The influence of evidence volatility on choice, reaction time and confidence in a perceptual decision

Elife. 2016 Oct 27;5:e17688. doi: 10.7554/eLife.17688.


Many decisions are thought to arise via the accumulation of noisy evidence to a threshold or bound. In perception, the mechanism explains the effect of stimulus strength, characterized by signal-to-noise ratio, on decision speed, accuracy and confidence. It also makes intriguing predictions about the noise itself. An increase in noise should lead to faster decisions, reduced accuracy and, paradoxically, higher confidence. To test these predictions, we introduce a novel sensory manipulation that mimics the addition of unbiased noise to motion-selective regions of visual cortex, which we verified with neuronal recordings from macaque areas MT/MST. For both humans and monkeys, increasing the noise induced faster decisions and greater confidence over a range of stimuli for which accuracy was minimally impaired. The magnitude of the effects was in agreement with predictions of a bounded evidence accumulation model.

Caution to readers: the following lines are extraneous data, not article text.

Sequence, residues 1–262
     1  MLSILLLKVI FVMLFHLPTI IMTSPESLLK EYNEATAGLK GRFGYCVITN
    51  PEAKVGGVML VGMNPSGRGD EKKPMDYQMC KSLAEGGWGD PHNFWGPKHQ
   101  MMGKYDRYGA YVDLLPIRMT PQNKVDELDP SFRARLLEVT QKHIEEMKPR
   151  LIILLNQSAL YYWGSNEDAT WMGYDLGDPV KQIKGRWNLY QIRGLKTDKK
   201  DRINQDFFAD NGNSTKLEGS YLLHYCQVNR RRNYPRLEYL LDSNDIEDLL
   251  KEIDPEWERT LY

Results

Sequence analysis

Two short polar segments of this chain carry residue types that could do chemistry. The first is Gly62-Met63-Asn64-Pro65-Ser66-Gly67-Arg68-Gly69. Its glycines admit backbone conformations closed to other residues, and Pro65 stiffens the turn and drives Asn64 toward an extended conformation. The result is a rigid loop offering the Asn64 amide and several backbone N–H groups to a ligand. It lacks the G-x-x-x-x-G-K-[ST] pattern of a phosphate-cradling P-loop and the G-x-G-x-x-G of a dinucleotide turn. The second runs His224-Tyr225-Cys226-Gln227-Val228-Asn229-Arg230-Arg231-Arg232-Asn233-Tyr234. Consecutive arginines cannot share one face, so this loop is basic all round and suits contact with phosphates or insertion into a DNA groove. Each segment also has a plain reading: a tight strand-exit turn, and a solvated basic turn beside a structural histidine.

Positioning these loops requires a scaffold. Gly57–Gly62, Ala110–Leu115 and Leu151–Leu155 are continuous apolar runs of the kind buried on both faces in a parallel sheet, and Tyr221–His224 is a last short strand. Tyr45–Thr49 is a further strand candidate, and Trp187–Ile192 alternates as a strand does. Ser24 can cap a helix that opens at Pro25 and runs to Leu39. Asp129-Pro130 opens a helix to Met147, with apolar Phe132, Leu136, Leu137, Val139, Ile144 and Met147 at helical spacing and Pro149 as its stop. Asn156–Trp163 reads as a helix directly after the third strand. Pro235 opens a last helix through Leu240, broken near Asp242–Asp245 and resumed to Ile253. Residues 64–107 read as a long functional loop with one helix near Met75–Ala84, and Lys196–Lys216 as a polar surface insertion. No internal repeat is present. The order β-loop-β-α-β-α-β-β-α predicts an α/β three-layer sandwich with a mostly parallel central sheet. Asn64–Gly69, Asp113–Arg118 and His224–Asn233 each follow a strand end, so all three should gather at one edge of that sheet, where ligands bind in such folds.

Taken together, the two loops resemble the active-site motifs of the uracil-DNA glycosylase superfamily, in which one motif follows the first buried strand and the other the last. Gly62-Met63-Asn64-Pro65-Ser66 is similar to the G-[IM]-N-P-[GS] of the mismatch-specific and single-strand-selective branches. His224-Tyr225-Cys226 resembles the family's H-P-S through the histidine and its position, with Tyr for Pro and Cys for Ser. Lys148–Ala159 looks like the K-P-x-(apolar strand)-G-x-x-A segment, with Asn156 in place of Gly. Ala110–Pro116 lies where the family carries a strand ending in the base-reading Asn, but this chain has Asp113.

Keywords: bounded evidence accumulation models; decision making; evidence reliability; human; neuroscience; perceptual decisions; rhesus macaque.

Publication types

  • Research Support, Non-U.S. Gov't
  • Research Support, N.I.H., Extramural

MeSH terms

  • Animals
  • Choice Behavior*
  • Decision Making*
  • Humans
  • Macaca
  • Motion Perception / physiology
  • Reaction Time*
  • Visual Cortex / physiology